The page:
Friday, February 16, 2007

CNN Article #2
Plane strandings fuel passenger rights push

POSTED: 10:26 a.m. EST, February 16, 2007

WASHINGTON (Reuters) -- The stranding of hundreds of passengers aboard JetBlue Airways Corp. planes for up to 10 hours during icy weather Wednesday has revived calls to enact an airline customer rights law.
Rep. Michael Thompson, a California Democrat, said Thursday he planned to introduce a bill that would address delayed flights, time on the tarmac, cancellations, and lost or damaged luggage.
The airline industry beat back a similar push for legislation in 1999 after agreeing to a adopt a voluntary customer service initiative in response to a Detroit snowstorm that snarled Northwest Airlines operations.
"A lot of my colleagues who have heard about it have contacted me and expressed an interest" in the legislation, both in the House of Representatives and Senate, said Thompson in a telephone interview with Reuters.
Late on Thursday, the chairman of the House aviation subcommittee, Illinois Democrat Jerry Costello, called the JetBlue situation unacceptable and said a panel would hold hearings on airline customer service complaints.
Angry at similar incidents at other airlines in December, Costello said the industry now has two strikes against it. "The third strike will mean Congress considers legislation," he said in a statement.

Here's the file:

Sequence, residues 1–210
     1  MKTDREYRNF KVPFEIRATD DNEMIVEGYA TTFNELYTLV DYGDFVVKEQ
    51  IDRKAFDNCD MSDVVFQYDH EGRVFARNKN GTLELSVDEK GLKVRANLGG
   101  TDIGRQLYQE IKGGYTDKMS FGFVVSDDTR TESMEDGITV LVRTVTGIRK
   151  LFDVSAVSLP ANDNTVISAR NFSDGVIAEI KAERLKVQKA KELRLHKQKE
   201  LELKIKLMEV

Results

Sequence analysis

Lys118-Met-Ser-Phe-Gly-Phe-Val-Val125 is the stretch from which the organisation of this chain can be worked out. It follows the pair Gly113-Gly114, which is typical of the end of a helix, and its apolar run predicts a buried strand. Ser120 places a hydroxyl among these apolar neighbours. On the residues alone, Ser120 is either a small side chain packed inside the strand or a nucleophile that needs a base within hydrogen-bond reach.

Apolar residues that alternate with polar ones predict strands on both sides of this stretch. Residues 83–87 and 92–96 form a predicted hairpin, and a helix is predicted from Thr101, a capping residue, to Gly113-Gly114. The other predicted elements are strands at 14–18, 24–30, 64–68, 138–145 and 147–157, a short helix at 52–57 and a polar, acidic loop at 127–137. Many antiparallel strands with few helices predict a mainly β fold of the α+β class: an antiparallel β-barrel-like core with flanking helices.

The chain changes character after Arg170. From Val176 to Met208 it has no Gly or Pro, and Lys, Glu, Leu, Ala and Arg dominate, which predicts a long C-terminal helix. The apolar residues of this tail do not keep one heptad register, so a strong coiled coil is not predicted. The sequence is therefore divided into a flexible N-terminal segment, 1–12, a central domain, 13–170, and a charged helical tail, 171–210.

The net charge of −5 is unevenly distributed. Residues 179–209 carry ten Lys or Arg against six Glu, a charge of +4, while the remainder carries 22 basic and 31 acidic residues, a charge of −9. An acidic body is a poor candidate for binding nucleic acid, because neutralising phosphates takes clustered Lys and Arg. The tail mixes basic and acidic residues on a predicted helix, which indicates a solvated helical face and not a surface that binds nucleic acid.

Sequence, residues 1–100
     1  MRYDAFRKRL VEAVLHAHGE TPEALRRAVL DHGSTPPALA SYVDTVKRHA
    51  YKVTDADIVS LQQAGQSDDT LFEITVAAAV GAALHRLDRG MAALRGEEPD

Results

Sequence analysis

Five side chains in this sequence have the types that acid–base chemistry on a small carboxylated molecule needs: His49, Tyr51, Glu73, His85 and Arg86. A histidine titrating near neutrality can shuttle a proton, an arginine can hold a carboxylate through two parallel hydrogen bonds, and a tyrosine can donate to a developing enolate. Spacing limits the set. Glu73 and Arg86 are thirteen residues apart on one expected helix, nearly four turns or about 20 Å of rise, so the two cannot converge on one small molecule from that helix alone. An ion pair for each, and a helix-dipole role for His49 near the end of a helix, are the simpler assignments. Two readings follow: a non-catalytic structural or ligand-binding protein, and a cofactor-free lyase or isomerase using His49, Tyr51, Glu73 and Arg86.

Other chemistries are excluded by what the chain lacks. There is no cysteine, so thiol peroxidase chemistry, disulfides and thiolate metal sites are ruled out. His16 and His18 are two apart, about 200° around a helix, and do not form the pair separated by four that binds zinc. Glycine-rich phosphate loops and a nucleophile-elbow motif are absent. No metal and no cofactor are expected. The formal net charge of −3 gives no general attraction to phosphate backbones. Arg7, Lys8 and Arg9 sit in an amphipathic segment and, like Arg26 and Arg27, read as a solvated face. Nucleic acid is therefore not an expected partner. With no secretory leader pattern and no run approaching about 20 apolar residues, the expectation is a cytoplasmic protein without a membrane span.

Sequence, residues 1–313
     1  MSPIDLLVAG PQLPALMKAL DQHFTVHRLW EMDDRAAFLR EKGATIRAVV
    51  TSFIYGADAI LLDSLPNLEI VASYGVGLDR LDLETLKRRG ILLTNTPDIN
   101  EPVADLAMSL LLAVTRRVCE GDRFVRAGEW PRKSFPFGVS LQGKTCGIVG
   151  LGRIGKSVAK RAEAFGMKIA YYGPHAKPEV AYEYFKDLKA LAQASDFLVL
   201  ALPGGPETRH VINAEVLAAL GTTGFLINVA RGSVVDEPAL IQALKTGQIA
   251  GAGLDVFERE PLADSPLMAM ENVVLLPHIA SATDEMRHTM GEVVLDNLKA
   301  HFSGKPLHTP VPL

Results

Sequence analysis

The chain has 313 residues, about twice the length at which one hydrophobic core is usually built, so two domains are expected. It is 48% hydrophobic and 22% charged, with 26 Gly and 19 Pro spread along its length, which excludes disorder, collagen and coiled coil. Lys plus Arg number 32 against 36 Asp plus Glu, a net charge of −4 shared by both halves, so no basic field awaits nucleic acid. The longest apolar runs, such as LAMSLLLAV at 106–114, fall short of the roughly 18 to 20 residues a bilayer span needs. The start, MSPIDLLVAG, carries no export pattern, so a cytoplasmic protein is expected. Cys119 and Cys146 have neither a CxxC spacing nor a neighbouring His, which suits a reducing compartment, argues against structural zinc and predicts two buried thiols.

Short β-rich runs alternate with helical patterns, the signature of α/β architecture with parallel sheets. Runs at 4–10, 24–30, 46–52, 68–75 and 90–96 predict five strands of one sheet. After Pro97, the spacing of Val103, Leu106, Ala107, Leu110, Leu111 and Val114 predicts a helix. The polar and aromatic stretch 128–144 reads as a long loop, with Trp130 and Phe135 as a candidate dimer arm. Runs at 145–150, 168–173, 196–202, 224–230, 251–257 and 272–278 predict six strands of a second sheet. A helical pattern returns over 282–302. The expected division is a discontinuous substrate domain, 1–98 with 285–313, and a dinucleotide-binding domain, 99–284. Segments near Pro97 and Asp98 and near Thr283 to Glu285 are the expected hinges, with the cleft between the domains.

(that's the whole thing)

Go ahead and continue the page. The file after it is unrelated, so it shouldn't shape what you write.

JetBlue's chief executive said Thursday the airline would lose "many millions of dollars" after bad weather left passengers stranded on its planes at New York's John F. Kennedy airport. (Watch passengers describe their flight to nowhere )
"I don't blame our customers for being upset with this," David Neeleman told CNBC television. "It was one of these things that just spiraled out of control"
Neeleman said the airline was repeatedly assured on Wednesday that the icy weather was about to clear and the planes would soon be allowed to depart. "I think we'll learn from this and we'll certainly do better in the future."
One of Thompson's constituents, Kate Hanni, launched a drive for a passenger bill of rights after she was stranded on an AMR Corp. American Airlines flight in Texas on December 29.
Hanni and others want a passenger bill of rights to cap the time any delayed flight can languish on the tarmac without letting passengers get off. They also want the bill to specify compensation when airlines fail to deliver services as promised.
The Air Transport Association, a trade group of major U.S. airlines, said inflexible standards could do more harm than good.
"We think that one size doesn't fit all," said ATA spokesman David Castelveter. "We think the best solution continues to be to allow the flight crews and their operational experts to make these type of decisions."
Thompson said his legislation would provide a greater degree of comfort in air travel and do it without putting the airlines out of business.
"I think passenger anxiety is at an all-time high," partly fed by what he described as the drudgery of post-9/11 security measures.
Shares of JetBlue closed 4.7 percent higher Thursday at $13.85 on Nasdaq. Goldman Sachs added JetBlue to its "buy" list saying the carrier's margin expansion would outpace most carriers in 2007.
Copyright 2007 Reuters. All rights reserved.This material may not be published, broadcast, rewritten, or redistributed.

No comments: